garden tales from a Brit abroad
The title of this post is poet Charles Baudelaire’s description of a graveyard. His own tombstone can be found in the cemetery in Montparnasse.
Opened in 1824, Montparnasse was one of three rural burial grounds created for Paris after the closure of the capital’s squalid urban cemeteries, where unmarked, unmourned bodies had lain thirty deep.
Now part of the busy 14th arrondissement, the site once lay outside the city walls, and for many years had been home to three farms. Its oldest feature is the tower to the west, which was built in the first half of the seventeenth century as a wind-driven flour mill.
After the Revolution, the area became known for its popular revelries, and the windmill was converted to a guinguette, a tricky word to translate, but which means a place in the Paris suburbs for eating, dancing and, perhaps above all, drinking local wine on weekends and holidays. Once within the new cemetery, the mill’s blades were removed and it became the home of the warden. Nowadays it is empty.
Today was my first visit to the Montparnasse cemetery, and I found myself comparing it with Père Lachaise, which I know well. Despite its name, Montparnasse does not share the elevated position of its better-known cousin in the 20th. The land is resolutely flat and the cemetery hemmed in by the buildings that surround it, most strikingly the Tour Montparnasse just to its west. It is hidden behind walls and fences, and only reveals itself as a vast burial ground after the visitor has found the main entrance on boulevard Edgar Quinet.
In style it also shares little with the picturesque layout of Père Lachaise. Montparnasse immediately feels more classically French, with clipped hedges, geometrically arranged graves and long, straight, tree-lined allées. It is also less sumptuous, with simpler monuments and fewer of the elaborate, costly chapels that form much of the character of Père Lachaise.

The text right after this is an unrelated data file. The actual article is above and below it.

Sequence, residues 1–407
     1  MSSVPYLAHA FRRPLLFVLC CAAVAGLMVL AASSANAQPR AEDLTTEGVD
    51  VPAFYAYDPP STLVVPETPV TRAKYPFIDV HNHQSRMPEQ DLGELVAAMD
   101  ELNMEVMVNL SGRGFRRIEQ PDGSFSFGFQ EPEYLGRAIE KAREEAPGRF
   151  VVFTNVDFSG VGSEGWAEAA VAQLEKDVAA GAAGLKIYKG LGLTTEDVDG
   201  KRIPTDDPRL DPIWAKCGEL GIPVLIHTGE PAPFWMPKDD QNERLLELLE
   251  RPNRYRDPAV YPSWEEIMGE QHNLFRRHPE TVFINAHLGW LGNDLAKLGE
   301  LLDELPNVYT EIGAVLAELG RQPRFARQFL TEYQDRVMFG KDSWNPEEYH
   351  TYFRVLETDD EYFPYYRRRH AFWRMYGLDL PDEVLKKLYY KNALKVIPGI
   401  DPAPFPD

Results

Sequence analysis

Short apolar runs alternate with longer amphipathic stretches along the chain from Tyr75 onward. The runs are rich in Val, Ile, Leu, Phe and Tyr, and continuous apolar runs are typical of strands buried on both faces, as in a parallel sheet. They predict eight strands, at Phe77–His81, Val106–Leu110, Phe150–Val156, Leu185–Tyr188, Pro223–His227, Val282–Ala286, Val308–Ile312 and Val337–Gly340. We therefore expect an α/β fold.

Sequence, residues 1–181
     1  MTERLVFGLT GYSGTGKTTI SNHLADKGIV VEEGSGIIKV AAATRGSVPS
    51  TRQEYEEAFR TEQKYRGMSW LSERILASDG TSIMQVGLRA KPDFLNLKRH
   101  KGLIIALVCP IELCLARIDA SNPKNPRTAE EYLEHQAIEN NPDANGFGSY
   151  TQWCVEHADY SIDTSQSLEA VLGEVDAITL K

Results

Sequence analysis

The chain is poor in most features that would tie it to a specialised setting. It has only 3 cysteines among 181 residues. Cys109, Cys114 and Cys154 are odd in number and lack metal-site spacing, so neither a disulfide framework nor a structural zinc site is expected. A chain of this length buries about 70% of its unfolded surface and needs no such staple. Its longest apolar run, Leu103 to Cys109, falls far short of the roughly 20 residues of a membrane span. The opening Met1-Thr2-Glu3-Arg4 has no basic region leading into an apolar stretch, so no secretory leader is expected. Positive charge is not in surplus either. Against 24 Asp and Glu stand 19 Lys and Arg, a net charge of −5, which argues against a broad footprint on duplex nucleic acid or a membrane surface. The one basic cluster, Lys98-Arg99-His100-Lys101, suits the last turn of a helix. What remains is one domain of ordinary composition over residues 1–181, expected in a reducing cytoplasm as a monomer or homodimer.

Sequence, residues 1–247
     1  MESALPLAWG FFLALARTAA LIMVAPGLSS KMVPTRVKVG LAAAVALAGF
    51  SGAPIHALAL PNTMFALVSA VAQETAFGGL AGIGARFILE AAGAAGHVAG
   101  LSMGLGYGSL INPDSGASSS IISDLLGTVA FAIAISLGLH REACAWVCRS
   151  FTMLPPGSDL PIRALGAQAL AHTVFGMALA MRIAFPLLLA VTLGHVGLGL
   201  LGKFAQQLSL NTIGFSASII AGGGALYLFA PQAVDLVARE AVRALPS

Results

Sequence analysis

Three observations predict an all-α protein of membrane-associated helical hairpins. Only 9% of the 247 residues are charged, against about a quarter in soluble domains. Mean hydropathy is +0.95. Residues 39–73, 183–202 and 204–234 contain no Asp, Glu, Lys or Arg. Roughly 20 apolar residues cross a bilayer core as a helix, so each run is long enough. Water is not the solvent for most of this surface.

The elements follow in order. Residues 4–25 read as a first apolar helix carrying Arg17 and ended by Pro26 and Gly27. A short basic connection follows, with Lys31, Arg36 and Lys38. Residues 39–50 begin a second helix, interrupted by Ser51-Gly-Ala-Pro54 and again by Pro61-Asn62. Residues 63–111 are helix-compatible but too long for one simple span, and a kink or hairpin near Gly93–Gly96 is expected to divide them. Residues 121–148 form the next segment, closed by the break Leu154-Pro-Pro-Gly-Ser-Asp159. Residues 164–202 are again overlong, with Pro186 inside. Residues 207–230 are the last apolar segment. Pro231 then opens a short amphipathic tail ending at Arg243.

Montparnasse today was strikingly flower-filled: everywhere were pots and tubs of fat chrysanthemums, pink cyclamen, heathers, and the last of the summer’s daisies. Combined with the many fallen leaves and patches of green moss grown luscious in the recent rains, they gave the cemetery a perfect sense of autumnal richness, with its promise of cold, barren winter to come. It reminded me of Baudelaire’s Chant d’automne.
Recently I heard a talk by Pascal-Hervé Daniel, who manages all of the Paris cemeteries. He spoke of the problems with theft at Montparnasse and elsewhere. Previously thieves used to take the sculptures and sell them as works of art, but now there is little call for busts of long-dead and oft-forgotten figures. Thieves are instead collecting metal features from the graves and melting them down for sale. It means recovery of the stolen artifacts is now often impossible, and the beautifully worked metal pieces are lost forever.
We learnt from M. Daniel that, from the outset, the graves at Montparnasse were intended to be permanently owned and cared for by the families whose members were interred there: in creating these new rural cemeteries, Napoleon had promised that people would be able to buy large burial plots “ownership of which will be assured, whatever may befall, for time immemorial.” But occasionally families no longer wish to keep up the grave, or there is no representative of the family left, and then the city will begin a long process to reclaim the plot and restore or remove its memorial. I saw one sad example of this today.